United States: You May Not Need To Reverse Engineer An Accused Product To Make Infringement Contentions, But You Better Explain Functionality

Last Updated: August 8 2014
Article by Monte Cooper and Daniel Justice

Order Granting-In-Part Defendant's Motion to Strike Patent Infringement ContentionsTech. Licensing Corp. v. Grass Valley USA, Inc., Case No. 3:12-cv-06060-PSG (Magistrate Judge Paul S. Grewal)

The famed architect Helmut Jahn once observed that "[a] good engineer thinks in reverse and asks himself about the stylistic consequences of the components and systems he proposes."   These thoughts from one of the United States' most influential architects seem particularly apt given the recent conclusions reached by Magistrate Judge Paul Grewal in Tech. Licensing Corp. v. Grass Valley USA, Inc, regarding what level of specificity is required to satisfy the Northern District of California's Patent Local Rules that govern preliminary infringement contentions.

Magistrate Judge Grewal tackled the question of what "components and systems" actually need to be mapped to establish the elements of infringement under the Northern District's Patent Local Rules, he also weighed in on whether reverse engineering is necessary to establish infringement, and when it is appropriate for the patent owner to argue that claimed functionality is "necessarily" practiced by an accused component.

Patent Local Rule 3-1 requires parties claiming patent infringement to serve a claim chart specifically identifying where each limitation of each asserted claim is found within each accused instrumentality within 14 days of the initial Case Management Conference in a patent case.  This rule provides early disclosure of infringement contentions without having to undergo the potentially laborious and protracted process of serving and responding to a series of interrogatories. Claim charts must be sufficiently particular to put the accused infringer on notice of what exactly is being accused on an element by element basis. This may create issues for the plaintiff because it may have limited information about the accused products during the early stages of litigation.  For instance, before discovery a plaintiff may have to rely on public information regarding an accused instrumentality, such as product guides and manuals.  It may be permissible to rely on product guides and manuals so long as the plaintiff can demonstrate a reasonable chance of proving infringement.  Magistrate Judge Grewal's recent Order in Tech. Licensing Corp. illustrates the application of this rule.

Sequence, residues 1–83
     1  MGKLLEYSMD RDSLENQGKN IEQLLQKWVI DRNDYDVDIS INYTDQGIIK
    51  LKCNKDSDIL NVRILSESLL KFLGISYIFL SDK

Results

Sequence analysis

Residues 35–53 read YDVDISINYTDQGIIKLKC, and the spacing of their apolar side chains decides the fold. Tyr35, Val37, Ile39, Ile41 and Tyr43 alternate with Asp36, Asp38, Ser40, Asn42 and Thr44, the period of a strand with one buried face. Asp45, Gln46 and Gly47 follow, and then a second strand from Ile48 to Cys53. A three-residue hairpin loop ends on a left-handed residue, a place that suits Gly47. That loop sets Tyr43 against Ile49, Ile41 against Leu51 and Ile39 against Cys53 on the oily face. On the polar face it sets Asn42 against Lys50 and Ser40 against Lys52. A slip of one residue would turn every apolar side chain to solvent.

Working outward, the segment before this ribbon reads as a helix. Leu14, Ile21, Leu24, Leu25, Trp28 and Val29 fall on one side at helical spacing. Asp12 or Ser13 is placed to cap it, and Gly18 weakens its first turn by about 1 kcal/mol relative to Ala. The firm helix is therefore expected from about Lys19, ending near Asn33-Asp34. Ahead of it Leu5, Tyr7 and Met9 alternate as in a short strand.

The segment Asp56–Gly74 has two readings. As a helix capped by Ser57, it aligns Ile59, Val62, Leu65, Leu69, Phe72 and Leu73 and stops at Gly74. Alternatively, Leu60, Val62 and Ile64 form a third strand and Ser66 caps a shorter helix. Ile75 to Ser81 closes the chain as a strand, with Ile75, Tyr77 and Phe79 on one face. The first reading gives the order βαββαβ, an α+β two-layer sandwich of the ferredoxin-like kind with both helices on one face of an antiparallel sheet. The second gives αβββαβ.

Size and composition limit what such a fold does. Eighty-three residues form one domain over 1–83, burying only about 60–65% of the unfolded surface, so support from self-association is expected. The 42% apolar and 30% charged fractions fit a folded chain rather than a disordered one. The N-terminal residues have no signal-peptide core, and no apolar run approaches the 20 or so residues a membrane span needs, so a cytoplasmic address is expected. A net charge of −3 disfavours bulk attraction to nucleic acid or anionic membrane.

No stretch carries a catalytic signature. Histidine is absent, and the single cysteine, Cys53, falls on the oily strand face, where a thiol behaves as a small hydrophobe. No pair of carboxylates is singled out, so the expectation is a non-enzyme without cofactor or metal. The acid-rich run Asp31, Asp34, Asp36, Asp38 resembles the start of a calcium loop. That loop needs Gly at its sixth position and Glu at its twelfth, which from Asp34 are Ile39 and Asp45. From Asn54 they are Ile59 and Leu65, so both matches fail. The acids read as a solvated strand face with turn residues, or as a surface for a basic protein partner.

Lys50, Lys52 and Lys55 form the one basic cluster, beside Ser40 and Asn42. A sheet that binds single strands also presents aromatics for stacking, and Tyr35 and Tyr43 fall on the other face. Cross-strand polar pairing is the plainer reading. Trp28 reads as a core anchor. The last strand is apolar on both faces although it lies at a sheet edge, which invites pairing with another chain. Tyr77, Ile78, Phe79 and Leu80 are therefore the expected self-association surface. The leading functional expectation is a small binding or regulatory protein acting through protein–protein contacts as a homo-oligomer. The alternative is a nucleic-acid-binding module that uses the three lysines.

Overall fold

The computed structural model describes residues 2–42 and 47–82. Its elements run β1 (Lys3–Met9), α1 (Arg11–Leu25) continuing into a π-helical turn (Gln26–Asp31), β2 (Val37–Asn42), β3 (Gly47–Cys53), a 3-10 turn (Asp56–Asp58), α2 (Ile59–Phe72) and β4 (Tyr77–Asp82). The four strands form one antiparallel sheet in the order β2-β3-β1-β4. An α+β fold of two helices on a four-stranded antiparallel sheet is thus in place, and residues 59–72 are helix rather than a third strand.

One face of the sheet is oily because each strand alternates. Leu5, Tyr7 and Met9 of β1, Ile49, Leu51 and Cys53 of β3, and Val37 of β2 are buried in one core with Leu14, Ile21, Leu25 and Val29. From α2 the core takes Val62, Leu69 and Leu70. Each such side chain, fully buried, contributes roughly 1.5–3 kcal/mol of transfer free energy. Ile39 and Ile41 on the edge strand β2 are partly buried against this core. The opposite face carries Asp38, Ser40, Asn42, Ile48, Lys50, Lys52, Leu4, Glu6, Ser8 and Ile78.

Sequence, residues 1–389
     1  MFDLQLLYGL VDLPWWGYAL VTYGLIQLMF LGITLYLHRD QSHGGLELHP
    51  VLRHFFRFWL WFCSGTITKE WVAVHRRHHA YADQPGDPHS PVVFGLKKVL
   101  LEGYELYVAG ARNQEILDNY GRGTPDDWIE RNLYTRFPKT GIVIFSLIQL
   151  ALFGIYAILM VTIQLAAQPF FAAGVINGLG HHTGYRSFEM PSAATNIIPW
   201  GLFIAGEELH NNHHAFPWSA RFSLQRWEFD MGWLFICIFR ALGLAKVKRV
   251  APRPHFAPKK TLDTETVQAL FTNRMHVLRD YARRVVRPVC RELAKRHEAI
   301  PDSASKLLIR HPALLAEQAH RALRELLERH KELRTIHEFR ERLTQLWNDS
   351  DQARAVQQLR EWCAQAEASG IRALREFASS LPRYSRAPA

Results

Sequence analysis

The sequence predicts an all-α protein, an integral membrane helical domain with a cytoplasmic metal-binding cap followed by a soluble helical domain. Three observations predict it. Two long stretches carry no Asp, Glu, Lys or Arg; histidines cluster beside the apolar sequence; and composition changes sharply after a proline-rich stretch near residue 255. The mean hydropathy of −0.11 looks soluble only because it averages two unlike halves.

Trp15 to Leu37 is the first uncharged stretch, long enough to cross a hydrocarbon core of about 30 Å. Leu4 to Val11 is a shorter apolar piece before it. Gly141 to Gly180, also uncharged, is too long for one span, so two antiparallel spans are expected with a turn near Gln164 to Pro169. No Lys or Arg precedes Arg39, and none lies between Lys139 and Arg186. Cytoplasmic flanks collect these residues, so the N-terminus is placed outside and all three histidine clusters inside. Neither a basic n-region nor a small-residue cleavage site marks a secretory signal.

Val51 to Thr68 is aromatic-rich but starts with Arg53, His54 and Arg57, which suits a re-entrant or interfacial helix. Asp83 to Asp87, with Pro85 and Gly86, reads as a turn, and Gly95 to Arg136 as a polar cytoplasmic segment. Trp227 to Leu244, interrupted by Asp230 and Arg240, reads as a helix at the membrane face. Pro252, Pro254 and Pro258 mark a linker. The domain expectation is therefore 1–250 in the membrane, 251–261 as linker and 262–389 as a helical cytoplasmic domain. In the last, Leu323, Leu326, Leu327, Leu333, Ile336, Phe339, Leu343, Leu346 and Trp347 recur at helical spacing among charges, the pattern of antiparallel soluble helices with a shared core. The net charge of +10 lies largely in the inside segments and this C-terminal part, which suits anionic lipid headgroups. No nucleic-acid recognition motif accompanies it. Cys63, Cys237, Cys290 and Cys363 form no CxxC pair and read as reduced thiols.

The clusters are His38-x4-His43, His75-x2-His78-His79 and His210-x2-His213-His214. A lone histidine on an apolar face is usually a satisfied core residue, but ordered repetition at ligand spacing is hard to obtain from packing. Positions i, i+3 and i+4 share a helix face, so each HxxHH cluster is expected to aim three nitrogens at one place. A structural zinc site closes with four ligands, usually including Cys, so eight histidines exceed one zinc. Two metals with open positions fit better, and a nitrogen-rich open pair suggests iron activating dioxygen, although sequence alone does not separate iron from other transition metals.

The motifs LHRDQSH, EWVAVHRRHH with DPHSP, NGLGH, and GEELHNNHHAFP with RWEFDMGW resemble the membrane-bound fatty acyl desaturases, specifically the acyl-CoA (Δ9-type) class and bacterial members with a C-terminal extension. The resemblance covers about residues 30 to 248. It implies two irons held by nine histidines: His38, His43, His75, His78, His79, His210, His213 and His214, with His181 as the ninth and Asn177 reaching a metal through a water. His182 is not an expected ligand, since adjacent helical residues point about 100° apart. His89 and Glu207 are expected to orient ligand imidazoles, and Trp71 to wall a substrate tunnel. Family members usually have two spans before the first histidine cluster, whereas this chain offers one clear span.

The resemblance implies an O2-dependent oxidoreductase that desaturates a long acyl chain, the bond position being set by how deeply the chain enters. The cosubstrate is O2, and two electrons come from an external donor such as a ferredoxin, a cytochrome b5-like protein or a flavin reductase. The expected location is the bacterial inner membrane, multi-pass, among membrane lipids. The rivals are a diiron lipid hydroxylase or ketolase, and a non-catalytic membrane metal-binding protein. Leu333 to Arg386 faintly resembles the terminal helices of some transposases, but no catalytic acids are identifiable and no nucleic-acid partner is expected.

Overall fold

In Tech. Licensing Corp., Plaintiff Technology Licensing Corp. ("TLC") filed a patent infringement suit against Grass Valley USA, Inc. ("Grass Valley") asserting that approximately one hundred Grass Valley products infringed four patents for technology involving audio and video signal transmission.  TLC then created a claim chart pursuant to Patent L.R. 3-1.  Grass Valley found the chart insufficient and moved to strike and compel revised patent infringement contentions.  Specifically, Grass Valley argued that (1) TLC included products in its infringement contentions that were not accused of practicing any claim limitation, (2) TLC improperly relied on Grass Valley manuals and catalogs, and (3) TLC's claim charts were too imprecise.